Better Explainations for Uncanny Valley

In to the Uncanny Valley
Joe Kloc, SEED Magazine Online

In Seed Magazine, Joe Kloc reports on PNAS findings that monkeys exhibit uncanny-valley-like-rejection of computerized/robotic monkeys. He also considers the history of (psuedo-) scientific explanations of uncanny valley, discussing Freud’s thoughts on the matter and the writings/works of roboticist Masahiro Mori. Kloc looks at how scientific explanations for the uncanny valley phenomenon are proceeding:

It has been suggested, for instance, that we avoid almost human figures because their peculiarities make them look sick, and we have developed an evolutionary mechanism for steering clear of pathogens. Another theory posits that we avoid figures with features slightly off from our own because they appear to be less-than-ideal mating material.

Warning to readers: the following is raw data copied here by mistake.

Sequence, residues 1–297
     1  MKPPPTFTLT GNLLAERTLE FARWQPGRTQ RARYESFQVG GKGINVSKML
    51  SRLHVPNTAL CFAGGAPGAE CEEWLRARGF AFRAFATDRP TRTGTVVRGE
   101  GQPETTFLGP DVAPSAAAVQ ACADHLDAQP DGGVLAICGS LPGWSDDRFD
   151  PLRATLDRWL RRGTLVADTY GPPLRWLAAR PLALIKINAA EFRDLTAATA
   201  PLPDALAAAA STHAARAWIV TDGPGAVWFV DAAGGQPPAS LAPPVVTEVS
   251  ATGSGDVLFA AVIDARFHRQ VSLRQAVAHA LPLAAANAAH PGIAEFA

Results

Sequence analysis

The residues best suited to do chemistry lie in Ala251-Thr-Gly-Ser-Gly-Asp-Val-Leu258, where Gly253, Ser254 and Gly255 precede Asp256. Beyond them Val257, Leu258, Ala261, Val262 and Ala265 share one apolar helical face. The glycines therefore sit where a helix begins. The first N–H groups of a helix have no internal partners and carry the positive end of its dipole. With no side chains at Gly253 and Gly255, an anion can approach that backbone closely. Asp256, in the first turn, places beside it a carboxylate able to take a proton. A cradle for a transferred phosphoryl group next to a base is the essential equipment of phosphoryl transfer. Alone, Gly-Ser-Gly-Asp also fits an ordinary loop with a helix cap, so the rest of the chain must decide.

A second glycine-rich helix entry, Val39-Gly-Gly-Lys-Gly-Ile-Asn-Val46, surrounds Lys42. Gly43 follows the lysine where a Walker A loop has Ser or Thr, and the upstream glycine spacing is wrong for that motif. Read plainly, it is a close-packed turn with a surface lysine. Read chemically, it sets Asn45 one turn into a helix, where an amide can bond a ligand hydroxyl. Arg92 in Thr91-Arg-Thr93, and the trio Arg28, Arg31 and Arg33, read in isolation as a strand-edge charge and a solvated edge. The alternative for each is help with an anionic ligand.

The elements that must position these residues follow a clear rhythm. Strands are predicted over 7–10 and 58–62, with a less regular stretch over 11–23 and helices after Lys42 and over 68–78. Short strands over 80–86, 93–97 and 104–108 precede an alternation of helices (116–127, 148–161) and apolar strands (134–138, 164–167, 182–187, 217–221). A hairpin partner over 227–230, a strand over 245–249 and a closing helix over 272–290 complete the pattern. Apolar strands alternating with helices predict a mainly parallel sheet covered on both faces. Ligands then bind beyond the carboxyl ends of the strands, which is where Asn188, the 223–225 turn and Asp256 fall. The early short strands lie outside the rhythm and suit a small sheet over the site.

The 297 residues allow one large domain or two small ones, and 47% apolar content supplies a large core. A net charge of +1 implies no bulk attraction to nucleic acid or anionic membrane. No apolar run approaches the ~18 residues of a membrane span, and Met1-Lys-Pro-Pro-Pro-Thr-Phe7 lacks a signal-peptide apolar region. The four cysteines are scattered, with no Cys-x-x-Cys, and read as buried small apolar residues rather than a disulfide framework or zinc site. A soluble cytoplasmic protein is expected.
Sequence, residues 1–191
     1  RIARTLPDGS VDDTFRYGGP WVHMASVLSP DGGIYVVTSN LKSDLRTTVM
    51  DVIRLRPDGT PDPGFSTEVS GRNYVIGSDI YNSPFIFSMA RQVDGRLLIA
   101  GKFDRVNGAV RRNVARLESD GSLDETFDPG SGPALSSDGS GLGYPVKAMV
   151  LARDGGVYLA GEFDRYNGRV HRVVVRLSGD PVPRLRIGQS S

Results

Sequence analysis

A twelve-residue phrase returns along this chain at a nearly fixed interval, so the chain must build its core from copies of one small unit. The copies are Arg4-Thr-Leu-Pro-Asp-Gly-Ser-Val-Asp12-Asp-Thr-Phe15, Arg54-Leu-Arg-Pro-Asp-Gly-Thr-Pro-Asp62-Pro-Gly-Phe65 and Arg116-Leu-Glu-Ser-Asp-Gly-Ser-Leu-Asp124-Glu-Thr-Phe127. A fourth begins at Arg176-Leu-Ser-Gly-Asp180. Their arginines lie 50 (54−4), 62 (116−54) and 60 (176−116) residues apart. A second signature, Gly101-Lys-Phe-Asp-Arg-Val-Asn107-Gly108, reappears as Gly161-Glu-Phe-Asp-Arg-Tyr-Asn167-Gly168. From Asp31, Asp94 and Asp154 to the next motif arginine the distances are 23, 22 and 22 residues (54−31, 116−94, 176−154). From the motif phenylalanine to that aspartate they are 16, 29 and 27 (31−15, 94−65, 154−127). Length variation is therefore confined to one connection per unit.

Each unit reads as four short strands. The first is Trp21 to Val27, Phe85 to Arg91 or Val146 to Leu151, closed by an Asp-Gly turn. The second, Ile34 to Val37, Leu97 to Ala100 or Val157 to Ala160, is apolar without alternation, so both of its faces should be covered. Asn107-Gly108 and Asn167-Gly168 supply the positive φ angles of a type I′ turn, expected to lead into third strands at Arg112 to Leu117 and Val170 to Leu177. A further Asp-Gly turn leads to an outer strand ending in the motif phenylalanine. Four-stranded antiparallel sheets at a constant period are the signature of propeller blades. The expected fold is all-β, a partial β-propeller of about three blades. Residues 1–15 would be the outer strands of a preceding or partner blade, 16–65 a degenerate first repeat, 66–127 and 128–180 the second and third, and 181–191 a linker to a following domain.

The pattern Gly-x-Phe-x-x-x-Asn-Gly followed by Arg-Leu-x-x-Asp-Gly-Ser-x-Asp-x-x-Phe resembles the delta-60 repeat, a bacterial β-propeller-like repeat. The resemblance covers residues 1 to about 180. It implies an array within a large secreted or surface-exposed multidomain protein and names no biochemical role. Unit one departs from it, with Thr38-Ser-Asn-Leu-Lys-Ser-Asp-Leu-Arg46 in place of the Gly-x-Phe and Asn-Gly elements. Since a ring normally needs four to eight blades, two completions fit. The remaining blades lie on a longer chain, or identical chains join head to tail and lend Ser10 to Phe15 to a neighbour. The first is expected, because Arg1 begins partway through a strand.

[Asif] Ghazanfar rejects all of these hypotheses. “What is really going on is much simpler,” he says. He believes the uncanny valley response occurs because an animal—human or nonhuman—is evolutionarily inclined to develop an expectation of what members of its species should look like, a supremely important skill, as it lets the animal know with whom it can and cannot interact.

In this sense, life-like robotic and computer-generated models occupy a weird middle ground in an animal’s mind: They are familiar enough for the animal to consider the possibility that they are of the same species, but strange enough that they don’t quite meet the expectation the animal has developed for members of its species. “Any face that violates that expectation is going to elicit the uncanny response,” Ghazanfar says.

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3 thoughts on “Better Explainations for Uncanny Valley

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